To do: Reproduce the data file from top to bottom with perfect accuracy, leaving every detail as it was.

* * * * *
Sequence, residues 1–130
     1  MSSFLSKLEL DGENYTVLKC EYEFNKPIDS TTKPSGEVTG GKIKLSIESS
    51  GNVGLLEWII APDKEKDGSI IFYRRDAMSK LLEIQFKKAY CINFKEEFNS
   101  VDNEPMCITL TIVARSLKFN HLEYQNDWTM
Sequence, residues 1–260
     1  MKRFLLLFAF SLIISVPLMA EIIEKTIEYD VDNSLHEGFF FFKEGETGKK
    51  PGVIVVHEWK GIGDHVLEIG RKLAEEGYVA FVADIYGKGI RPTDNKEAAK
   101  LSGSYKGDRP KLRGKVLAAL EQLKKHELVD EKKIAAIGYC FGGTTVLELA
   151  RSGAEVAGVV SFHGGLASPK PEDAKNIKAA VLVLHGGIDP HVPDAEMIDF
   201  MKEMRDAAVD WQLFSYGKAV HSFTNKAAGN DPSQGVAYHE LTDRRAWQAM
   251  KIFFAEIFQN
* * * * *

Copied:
Sequence, residues 1–130
     1  MSSFLSKLEL DGENYTVLKC EYEFNKPIDS TTKPSGEVTG GKIKLSIESS
    51  GNVGLLEWII APDKEKDGSI IFYRRDAMSK LLEIQFKKAY CINFKEEFNS
   101  VDNEPMCITL TIVARSLKFN HLEYQNDWTM
Sequence, residues 1–260
     1  MKRFLLLFAF SLIISVPLMA EIIEKTIEYD VDNSLHEGFF FFKEGETGKK
    51  PGVIVVHEWK GIGDHVLEIG RKLAEEGYVA FVADIYGKGI RPTDNKEAAK
   101  LSGSYKGDRP KLRGKVLAAL EQLKKHELVD EKKIAAIGYC FGGTTVLELA
   151  RSGAEVAGVV SFHGGLASPK PEDAKNIKAA VLVLHGGIDP HVPDAEMIDF
   201  MKEMRDAAVD WQLFSYGKAV HSFTNKAAGN DPSQGVAYHE LTDRRAWQAM
   251  KIFFAEIFQN